Color & Control:

New 4 You

Don’t sweat it
The world’s first deodorant for visual impairment and upper limb mobility disabilities. Degree Inclusive has been designed with a hook for one-handed usage, magnetic closures that make it easier to take the cap off and put it back on for users with limited grip and/or vision impairment, enhanced grip placement and a braille label for easier application. 

Not a wheelchair
The Rig is a high-tech mobility alternative. Operating similarly to a motorized vehicle with manual steering and brakes, Rig endures inclines, roads and long distances. Easy to drive, it requires
no more strength than a normal pedal bike!

Panjkolakh: means 5 spices in Sanskrit
Pre-measured spice cubes, developed in India where there are eight million people who are blind and 54 million with low vision, were created to restore confidence and increase self-sufficiency in the kitchen. Knowing that those with vision loss find it hard and messy to measure spices in powdered form, the inventors checked with moms, chefs and cooking enthusiasts to establish a minimum cube serving of 1/4th tsp or 1.42 grams. The pre-packed spice cubes passed tests for dissolvability, consistency, potency, shape and storage. Chili, turmeric, coriander garam masala and cumin are the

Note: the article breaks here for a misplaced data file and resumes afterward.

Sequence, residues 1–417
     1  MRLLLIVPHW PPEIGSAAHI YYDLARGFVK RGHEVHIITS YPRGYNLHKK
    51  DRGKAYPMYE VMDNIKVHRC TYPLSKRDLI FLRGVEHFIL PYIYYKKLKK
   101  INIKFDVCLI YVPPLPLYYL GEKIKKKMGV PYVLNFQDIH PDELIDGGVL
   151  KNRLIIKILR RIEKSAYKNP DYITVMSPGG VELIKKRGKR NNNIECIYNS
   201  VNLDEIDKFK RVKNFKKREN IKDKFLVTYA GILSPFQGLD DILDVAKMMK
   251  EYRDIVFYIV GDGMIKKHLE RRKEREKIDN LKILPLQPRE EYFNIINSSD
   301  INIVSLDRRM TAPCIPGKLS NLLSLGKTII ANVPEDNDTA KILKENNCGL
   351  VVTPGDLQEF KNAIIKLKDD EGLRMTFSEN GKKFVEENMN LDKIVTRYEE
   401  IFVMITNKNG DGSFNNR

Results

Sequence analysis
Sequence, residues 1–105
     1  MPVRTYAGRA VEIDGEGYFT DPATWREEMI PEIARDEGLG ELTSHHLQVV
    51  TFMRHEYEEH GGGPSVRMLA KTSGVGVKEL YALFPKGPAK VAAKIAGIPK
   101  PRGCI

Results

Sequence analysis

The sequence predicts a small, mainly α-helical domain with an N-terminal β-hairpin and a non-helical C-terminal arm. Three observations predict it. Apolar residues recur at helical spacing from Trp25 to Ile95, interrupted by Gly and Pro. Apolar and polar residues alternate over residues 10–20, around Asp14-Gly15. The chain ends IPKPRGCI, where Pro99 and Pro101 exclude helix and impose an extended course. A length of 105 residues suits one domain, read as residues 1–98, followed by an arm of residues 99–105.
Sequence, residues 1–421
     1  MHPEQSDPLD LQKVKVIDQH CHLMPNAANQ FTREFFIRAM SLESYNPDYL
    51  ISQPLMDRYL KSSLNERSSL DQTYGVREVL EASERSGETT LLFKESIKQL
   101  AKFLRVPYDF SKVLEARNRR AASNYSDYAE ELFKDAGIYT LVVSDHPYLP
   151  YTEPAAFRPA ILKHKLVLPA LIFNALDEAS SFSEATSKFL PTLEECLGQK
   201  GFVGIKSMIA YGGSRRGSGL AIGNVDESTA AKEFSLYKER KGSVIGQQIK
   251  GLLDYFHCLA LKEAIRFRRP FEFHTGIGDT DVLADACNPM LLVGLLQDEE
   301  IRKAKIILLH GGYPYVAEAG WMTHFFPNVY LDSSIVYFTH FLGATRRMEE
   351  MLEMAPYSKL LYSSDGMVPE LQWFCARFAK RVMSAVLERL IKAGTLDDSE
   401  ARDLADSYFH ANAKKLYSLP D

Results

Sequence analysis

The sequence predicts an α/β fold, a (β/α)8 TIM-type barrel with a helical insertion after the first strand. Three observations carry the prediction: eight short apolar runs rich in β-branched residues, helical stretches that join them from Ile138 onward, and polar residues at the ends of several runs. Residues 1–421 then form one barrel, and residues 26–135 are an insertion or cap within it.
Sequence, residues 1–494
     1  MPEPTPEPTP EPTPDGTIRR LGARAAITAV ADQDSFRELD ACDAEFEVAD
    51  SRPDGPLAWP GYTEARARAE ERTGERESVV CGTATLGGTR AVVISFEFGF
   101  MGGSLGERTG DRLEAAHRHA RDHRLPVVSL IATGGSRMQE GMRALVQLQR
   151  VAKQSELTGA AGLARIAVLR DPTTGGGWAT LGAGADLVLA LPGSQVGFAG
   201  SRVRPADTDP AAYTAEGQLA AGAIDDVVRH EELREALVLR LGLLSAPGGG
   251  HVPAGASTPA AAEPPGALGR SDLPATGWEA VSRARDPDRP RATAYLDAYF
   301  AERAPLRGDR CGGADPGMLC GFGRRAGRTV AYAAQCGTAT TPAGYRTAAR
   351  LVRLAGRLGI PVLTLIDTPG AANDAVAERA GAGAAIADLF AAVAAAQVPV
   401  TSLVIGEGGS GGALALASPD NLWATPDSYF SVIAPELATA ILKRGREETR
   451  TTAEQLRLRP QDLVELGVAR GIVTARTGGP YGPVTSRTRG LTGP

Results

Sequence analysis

first five available.

Making computers easier to use
Morphic is a free program that makes it easier for anyone to find and operate the usability and accessibility features built into Windows and Mac operating systems. Some features allow you to increase text size, magnify portions of your screen, take a screenshot, read selected text aloud, manage your assistive technology (AT), and more.

Brain implant turns visualized letters into text
When we move, sense or speak—or do just about anything—our brain generates a specific pattern of electrical activity. Now, a new brain implant allows people to communicate with text formulated in their mind—no hands needed.

Developed at Stanford University, the artificial intelligence software, coupled with electrodes implanted in the brain, was able to “read” the thoughts of a man with full-body paralysis. The man imagined letters and words he wanted to use and the software typed text on a computer screen—a form of “mental handwriting.”
Source: Nature

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